Skip to content

Posts from the ‘History is Our Story’ Category

10 Reasons to Remember: The Eighties

February 2, 2016

Susan Marg

Photo by: © lucidwaters

Photo by: © lucidwaters

Is it too soon to look back at the Eighties? I don’t think so. It was an interesting time, a period of ups and downs and ins and outs through thick and thin. And we survived. How did you survive? Why not write about it?

  1. Off to a good start. Minutes after Ronald Reagan was sworn in as President on January 20, 1981, Iran released the fifty-two Americans who had been held hostage for 444 days.
  1. But there was a recession. With the Federal Reserve tightening money to curb inflation, which had peaked in April 1980 at 14.76%, the U.S. recession began in July 1981. Unemployment was 7.6%, rising to 9.7% before the recession ended the following year. Still, we made money. The Dow Jones Industrial average began the decade at 838.74 and ended at 2,753.20, coming out way ahead of Black Monday in 1987, when the market lost 22.6% of its value, falling 508 points to 1,738.74.
  1. Dirty little secrets always come out. The decade had its share of scandals. The Iran-Contra affair reeled the Reagan Administration. The Gary Hart/Donna Rice affair shook politics. The ban of Pete Rose from baseball hit the sports world hard. Milli Vanilli’s lip synching rocked music fans. Coca Cola kept secret its recipe for the syrup that is the basis for its soda, but deigned to change it to “the new taste in Coke.” It fell flat. Pepsi had its own calamity when Michael Jackson’s hair caught fire while filming a Pepsi commercial.
  1. Moonwalk to the music. Of all the music videos we watched on MTV, and there were a lot of them from our favorite musicians, Michael Jackson moonwalking to “Billie Jean” from his Thriller album got into our heads. From the same album Jackson danced to “Beat It” and “Thriller.” The zombie sequence from the later has been reenacted from Times Square to Hollywood and Highland. We learned Jackson’s moves and recited his words, so we’d always be in step. While Frank Sinatra wore a hat with style, no one did more for a black fedora —  or one white glove —  than Michael Jackson.
  1. More stations, more of the time. We watched a lot of television in the Eighties, and not just MTV on cable. Dallas was the first of the primetime soap operas, spawning Knots Landing, Dynasty, and Falcon Crest – I watched them all. In the fall of 1980, the resolution of the Dallas cliffhanger that had ended the third season generated 83 million viewers, more than the number of voters in that year’s presidential election.  Just about everyone wanted to know who shot J.R.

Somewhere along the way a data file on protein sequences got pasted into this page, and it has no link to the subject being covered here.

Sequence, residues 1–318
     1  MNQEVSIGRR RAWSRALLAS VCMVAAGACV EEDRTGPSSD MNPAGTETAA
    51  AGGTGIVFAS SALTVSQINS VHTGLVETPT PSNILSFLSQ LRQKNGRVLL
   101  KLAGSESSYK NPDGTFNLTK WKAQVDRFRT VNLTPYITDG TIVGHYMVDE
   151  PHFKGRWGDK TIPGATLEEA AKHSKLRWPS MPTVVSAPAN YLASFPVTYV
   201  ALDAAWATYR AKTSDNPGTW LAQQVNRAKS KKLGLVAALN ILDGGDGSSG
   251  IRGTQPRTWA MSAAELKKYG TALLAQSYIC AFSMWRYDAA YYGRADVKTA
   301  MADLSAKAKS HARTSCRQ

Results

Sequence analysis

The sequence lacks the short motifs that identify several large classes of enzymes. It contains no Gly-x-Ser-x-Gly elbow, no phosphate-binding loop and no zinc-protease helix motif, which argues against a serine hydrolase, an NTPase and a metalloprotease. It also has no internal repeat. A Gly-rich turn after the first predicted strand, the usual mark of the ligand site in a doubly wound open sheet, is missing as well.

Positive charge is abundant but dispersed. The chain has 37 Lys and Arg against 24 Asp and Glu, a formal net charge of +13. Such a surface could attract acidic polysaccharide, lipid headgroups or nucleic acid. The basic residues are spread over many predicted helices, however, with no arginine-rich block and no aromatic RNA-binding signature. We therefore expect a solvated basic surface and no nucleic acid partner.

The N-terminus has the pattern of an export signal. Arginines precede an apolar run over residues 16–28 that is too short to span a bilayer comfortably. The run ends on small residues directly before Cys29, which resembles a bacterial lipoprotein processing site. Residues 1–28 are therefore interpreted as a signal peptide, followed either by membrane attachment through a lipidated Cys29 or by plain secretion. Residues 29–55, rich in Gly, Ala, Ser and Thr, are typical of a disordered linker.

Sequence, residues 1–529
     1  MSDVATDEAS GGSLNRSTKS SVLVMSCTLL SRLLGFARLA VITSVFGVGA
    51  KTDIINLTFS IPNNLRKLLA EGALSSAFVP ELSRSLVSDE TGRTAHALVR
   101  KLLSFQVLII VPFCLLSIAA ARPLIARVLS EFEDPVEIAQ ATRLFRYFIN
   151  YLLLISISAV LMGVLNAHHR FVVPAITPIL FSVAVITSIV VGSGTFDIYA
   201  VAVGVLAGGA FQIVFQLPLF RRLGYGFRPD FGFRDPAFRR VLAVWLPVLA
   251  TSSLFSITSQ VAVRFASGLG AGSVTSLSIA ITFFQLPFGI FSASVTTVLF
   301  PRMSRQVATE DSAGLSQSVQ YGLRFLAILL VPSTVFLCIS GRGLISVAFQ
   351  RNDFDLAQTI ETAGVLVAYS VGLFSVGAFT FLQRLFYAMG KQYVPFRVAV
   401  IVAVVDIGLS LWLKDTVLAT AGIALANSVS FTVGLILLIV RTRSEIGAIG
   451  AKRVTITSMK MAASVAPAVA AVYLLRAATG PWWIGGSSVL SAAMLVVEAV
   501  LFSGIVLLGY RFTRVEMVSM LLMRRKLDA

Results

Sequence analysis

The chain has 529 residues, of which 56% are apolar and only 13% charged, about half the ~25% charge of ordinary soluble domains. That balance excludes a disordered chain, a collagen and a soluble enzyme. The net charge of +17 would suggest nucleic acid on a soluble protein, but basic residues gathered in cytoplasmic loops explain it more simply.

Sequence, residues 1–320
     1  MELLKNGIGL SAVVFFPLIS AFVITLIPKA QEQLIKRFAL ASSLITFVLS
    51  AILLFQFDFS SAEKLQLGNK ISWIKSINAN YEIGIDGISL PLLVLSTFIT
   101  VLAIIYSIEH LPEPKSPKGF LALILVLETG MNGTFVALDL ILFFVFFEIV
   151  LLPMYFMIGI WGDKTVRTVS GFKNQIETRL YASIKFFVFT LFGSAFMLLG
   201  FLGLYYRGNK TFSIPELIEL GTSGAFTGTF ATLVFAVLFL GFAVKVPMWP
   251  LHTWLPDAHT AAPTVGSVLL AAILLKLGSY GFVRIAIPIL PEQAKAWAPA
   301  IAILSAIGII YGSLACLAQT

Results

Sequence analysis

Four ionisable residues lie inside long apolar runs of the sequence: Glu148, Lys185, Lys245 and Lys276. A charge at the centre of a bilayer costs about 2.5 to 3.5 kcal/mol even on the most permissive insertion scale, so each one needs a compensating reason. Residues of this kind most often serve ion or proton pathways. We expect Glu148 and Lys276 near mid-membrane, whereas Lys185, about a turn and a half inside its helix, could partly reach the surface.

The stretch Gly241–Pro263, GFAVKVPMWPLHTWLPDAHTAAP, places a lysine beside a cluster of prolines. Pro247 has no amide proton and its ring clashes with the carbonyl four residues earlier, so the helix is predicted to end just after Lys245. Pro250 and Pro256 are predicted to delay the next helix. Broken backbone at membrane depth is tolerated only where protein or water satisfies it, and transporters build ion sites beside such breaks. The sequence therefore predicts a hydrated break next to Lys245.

1. Talk a little. Talk a lot. In 1987, the National Association of Broadcasters bestowed the Peabody Award on Johnny Carson in honor of his 25th anniversary hosting The Tonight Show. Joan Rivers, David Letterman, and Jay Leno were favored guest hosts, going on to their own late night talk shows. Meanwhile, Oprah Winfrey’s show went into national syndication in 1986 and soared in the ratings during daytime.
  1. Tennis, everyone? It didn’t matter if baseliners were playing serve-and-vollyers on hard court, clay court, or grass court. We loved rooting for our favorite tennis player of the decade, of which there were many greats of the game, as they came out swinging, taking on their rivals, wooing crowds, and becoming household names. Leading the men, there was Bjorn Borg, John McEnroe, Jimmy Connors, and Ivan Lendl. The women were just as popular and included Chris Evert, Martina Navratilova, and Steffi Graf. And then along came Monica Seles.
  1. Here come the brides. A lot of famous couples got married in the Eighties. Some of them are still together, including Danny DeVito and Rhea Perlman, Tom Hanks and Rita Wilson, and Michael J. Fox and Tracy Pollan. Others didn’t make it, such as Madonna and Sea Penn, Maria Shriver and Arnold Schwarzenegger, and Bruce Willis and Demi Moore. And then there was Prince Charles and Diane Spencer. An estimated global television audience of 750 million watched their 1981 fairytale wedding. Yet for sheer spectacle, nothing was more remarkable than the mass wedding conducted by the Reverend Rev Sun Myung Moon of the Unification Church. The gathering of 2,075 couples, brides and grooms dressed in identical outfits at New York’s Madison Square Garden in 1982, was a sight to behold. Moon matched the couples himself, often pairing differing races and nationalities, in his belief that all of humanity should be united. A church spokesman puts the divorce rate for the blessed at a mere 25%, which, if true, is better than the national average.
  1. Women first. The Eighties saw a number of firsts for women. Sandra Day O’Connor was the first woman to sit on the Supreme Court. Sally Ride was the first American woman in space. Geraldine Ferraro, as Walter Mondale’s running mate, was the first woman on a national ticket. Aretha Franklin was the first woman inducted into the Rock and Roll Hall of Fame.
  1. The walls come crumbling down. “Tear down this wall,” President Reagan pronounced in 1987. And two years later the Berlin wall came down. Back at home, unemployment was at 5.3%, and inflation, too, had decreased dramatically, falling to 4.65%. And we cheered.

© 2015 Susan Marg – All Rights Reserved

A Year in the Life

December 31, 2015

Susan Marg

Stock Image: Depositphotos

Stock Image: Depositphotos


As we look forward to a new year, I thought it would be interesting to look back fifty years to 1966. There just might be something to include in a life or family history.